Africa eyes more Chinese investment to boost post-pandemic recovery, study finds
CMS survey shows that 72% of African executives will be more open to new Chinese projects
Almost three quarters of senior executives in Sub-Saharan Africa expect countries on the continent to be more open to investment from China under its Belt and Road Initiative (BRI) as they seek post-pandemic economic growth, according to a survey by CMS.
The Belt and Road: The View From Africa report found that 72% of respondents will be more open to new BRI projects, with 62% saying they aim to maintain or increase their involvement in the Chinese investment programme.
Hugo Coetzee, a partner and head of CMS’s Africa practice, said: “Over the years, we have seen continued commitment from China to invest and develop trading relationships across the region. While there is some debate about the long-term future of BRI, the post-pandemic recovery in China bodes well for future investments in participating nations and is perceived with enthusiasm in Africa.”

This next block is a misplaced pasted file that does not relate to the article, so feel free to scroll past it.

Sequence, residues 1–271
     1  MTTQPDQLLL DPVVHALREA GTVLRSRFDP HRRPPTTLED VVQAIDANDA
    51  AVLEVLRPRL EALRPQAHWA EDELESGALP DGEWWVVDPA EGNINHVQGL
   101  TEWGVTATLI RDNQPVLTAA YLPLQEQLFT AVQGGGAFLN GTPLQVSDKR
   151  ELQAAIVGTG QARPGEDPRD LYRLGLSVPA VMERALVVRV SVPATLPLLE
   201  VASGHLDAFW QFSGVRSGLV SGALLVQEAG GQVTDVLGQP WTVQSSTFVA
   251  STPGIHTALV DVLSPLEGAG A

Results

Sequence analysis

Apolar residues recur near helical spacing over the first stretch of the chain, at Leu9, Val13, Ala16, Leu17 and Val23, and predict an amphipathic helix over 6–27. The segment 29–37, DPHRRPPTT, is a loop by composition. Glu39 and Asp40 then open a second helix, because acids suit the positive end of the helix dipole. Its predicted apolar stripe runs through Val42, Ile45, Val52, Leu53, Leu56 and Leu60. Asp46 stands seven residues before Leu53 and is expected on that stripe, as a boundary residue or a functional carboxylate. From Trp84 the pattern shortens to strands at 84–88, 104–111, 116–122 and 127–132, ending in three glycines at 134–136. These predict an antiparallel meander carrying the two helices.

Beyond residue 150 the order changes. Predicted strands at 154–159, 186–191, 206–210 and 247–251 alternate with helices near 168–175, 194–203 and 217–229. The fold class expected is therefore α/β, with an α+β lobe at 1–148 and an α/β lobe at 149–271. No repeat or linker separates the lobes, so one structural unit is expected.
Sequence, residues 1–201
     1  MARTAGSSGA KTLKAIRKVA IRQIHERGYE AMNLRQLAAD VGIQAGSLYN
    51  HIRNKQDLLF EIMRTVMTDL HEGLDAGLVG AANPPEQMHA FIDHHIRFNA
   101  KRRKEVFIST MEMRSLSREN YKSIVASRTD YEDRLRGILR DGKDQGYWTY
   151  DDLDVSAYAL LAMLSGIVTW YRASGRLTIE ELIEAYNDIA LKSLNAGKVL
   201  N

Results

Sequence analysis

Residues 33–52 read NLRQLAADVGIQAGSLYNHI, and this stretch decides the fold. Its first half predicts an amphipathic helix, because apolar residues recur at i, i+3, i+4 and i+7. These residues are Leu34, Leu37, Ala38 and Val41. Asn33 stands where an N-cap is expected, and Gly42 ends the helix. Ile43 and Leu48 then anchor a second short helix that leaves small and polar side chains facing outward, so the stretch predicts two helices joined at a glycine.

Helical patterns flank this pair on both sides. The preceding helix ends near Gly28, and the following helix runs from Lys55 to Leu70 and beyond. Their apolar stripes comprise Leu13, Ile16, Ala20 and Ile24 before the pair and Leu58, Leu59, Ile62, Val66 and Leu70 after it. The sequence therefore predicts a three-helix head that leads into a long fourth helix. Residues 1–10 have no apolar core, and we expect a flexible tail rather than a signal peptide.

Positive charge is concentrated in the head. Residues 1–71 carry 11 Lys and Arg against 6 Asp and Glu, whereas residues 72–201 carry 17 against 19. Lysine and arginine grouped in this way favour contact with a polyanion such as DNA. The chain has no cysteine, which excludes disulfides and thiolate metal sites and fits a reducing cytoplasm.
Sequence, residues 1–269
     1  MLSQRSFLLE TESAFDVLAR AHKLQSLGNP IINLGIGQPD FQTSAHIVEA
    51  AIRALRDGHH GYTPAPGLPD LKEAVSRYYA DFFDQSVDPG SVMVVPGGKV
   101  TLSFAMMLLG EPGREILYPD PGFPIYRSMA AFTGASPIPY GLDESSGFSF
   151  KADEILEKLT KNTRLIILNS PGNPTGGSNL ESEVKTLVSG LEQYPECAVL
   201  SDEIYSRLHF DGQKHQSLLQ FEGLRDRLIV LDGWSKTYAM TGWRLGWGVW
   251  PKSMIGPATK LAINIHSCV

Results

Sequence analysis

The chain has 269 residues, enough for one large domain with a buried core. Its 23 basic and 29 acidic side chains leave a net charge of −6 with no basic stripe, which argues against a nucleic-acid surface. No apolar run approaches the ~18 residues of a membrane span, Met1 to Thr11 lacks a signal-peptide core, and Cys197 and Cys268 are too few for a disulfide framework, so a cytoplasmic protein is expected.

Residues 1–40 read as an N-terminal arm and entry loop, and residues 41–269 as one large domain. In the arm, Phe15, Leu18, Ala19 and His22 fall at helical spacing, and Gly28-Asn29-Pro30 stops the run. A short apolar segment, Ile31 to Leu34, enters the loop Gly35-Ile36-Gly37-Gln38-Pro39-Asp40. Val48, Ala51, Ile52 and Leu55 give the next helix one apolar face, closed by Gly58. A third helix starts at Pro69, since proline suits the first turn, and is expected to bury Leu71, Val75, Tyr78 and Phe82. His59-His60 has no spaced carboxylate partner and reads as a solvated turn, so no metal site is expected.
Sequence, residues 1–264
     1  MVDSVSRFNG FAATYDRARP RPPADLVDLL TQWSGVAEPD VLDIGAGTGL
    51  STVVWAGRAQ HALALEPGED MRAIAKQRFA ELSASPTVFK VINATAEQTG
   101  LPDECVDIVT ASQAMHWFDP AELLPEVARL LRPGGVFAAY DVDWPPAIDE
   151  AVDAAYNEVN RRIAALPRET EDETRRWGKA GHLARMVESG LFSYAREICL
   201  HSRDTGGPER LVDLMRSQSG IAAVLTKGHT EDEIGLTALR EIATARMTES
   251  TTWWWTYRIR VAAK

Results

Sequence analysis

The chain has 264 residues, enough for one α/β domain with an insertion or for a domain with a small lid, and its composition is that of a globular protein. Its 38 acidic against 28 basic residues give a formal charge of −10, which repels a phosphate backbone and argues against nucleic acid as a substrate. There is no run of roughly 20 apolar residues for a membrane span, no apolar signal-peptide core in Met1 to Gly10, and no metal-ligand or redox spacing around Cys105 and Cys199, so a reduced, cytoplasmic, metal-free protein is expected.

Coetzee added that China’s pivot towards greener and more sustainable projects could have a greater impact on the continent, as well as an increasing emphasis on digital and health-related BRI investments.
Some 46% of African respondents said they plan to focus their efforts on targeting renewable energy or hydro projects in the future, almost three times higher than those that have done so in the past (16%). Meanwhile, 86% of respondents expect the pandemic to boost ‘Health Silk Road’ projects.
While enthusiasm for and satisfaction with BRI investment was stronger in Africa than anywhere else outside of China, that enthusiasm has dampened over the past 12 months. Sentiment towards BRI fell to 54% from 64% 12 months ago, though that was a milder decline than seen in other regions, CMS said.
Half of African respondents also said their BRI involvement had turned out to be more challenging than they had expected. According to one survey respondent quoted in the report: “Even after the problems were encountered due to their (China’s) over-ambition, they lacked the perception to acknowledge these issues and act accordingly.”
Some 61% of African respondents said legal and regulatory risk is a key concern with BRI projects.
As BRI moves into its second phase (BRI 2.0), 81% of respondents believe road-building projects present the most opportunities, followed by renewable and hydro (55%), energy networks and power grids (53%) and logistics-related projects (49%).